MRAt one point during the film there is a live 'interruption'—performers enter the installation space pulling a scrim with an image of an arm around the room. What is the significance of that moment?
JJThis moment is a sort of heralding of this new world order of 'In Utera Gigantae', when the performers insert the body into the space—both with the large moving scrim images of Olwen's arms and with their own bodies. It is a moment of manifestation; the gesture reminds us of a march or a trade union banner; some form of cloth of scale and significance that might be dragged through the streets.
The importance of the movement of the screen began as a territorial claim on the space; it herds people, creates a pathway through the space that often is disruptive. The move into the space embraces the viewer, too.
These giant material hands aim to echo the maternal arm of the mother, and perhaps trigger our first cognition or memory of our experience with that. They are both menacing and comforting. I have always been interested in Brechtian stage directions but these arms are more of a way to expand the cinematic frame outside the space of the projected image.
MRThe work was reinstalled at the Institute of Contemporary Arts Singapore between 3 November 2017 and 28 January 2018. Can you tell us about that?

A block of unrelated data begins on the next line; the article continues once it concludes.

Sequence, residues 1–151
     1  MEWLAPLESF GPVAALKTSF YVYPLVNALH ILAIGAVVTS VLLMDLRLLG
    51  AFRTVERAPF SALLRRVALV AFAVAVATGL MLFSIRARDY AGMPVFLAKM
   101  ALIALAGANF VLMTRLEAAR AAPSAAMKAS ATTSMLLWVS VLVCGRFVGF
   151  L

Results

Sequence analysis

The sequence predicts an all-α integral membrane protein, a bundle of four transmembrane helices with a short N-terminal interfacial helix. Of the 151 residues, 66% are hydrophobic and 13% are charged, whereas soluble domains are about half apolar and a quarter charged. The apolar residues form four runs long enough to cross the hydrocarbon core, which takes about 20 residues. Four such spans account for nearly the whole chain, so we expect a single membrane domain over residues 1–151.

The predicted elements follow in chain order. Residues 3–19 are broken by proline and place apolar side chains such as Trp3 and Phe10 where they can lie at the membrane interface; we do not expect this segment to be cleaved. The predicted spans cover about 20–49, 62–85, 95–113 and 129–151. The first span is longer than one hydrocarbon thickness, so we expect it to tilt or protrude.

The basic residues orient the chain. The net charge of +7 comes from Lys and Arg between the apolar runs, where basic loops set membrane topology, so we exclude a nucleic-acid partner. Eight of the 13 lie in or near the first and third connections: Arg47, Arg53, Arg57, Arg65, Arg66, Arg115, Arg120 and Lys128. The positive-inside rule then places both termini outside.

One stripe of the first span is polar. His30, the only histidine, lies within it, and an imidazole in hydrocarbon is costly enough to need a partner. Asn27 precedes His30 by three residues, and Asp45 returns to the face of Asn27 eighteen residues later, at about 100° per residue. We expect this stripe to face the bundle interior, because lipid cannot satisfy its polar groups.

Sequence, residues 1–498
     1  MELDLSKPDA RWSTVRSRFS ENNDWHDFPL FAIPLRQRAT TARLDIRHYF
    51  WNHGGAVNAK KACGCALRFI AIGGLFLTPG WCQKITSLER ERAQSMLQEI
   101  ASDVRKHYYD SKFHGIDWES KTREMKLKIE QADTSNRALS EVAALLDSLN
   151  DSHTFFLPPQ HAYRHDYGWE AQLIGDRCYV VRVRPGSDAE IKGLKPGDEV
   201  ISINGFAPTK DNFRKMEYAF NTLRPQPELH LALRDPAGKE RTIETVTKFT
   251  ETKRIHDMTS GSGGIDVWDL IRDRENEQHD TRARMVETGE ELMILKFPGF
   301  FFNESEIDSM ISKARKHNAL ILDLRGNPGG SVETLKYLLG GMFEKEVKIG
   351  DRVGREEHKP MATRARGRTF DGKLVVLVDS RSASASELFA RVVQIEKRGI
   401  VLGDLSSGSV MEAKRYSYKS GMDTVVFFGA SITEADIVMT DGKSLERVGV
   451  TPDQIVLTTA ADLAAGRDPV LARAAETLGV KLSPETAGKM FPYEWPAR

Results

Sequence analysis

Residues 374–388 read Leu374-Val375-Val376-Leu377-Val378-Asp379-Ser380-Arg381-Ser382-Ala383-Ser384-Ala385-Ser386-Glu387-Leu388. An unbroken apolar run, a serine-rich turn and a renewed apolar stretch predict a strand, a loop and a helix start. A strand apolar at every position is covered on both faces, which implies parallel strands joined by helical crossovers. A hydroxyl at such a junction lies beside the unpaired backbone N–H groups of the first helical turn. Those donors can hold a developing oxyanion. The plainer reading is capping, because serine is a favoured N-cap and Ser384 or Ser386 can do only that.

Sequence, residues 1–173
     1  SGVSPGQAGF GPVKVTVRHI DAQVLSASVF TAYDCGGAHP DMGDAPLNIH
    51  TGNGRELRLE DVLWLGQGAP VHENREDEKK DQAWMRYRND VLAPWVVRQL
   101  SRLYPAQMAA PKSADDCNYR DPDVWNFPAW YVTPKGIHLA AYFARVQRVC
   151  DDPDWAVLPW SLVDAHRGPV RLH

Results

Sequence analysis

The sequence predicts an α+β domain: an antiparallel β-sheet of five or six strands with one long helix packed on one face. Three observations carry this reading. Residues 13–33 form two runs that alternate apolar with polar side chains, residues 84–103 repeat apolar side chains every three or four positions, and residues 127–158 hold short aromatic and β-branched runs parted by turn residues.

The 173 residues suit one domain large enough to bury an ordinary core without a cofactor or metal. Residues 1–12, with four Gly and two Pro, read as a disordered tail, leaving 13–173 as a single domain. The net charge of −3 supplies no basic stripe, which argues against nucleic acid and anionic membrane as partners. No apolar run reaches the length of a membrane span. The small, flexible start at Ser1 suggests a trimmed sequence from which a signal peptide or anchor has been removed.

JJThe iteration of the show in Singapore included two new sculptural elements. The first was a steel-burning table, which contained the burnt remnants of copies of the 1821 repeal of the Elizabethan sorcery act of Ireland. This object references the Hungry Ghost Festival of Singapore, in which once a year the souls of the dead awaken and walk the earth. They are offered gifts and burnt effigies.
This transaction between the living and the dead ensures prosperity in the afterlife for ancestors and, by extension, for the living.
I wanted to make an offering to the 28th generation of women who have lived and died since the very first witch was killed in the European witch trials. It is speculated that we can trace the first official witch burning from the Valais trials of 1428, in which the accusation of sorcery led to a systematic persecution with hundreds of victims executed.
It is approximated that we have had 28 generations of grandmothers, mothers and daughters since then. I wanted to honour this ancestral line of survivors by sending them the repeal of this brutal law. The hungry ghosts would be freed and, in turn, would create good ancestral will towards the further repeal of oppressive laws against women today.
The second sculpture features six hammers used by an Irish missionary brother, Joe McNally. The objects are relics that connect the living and the dead; they stand in for the non-present bodies of the dead. Relics are powerful in this way; maybe this is a residual Catholicism, but relics have always felt talismanic to me in this way. With every iteration of Tremble Tremble, I plan to add ingredients, sculptures, and potency to the spell.—[O]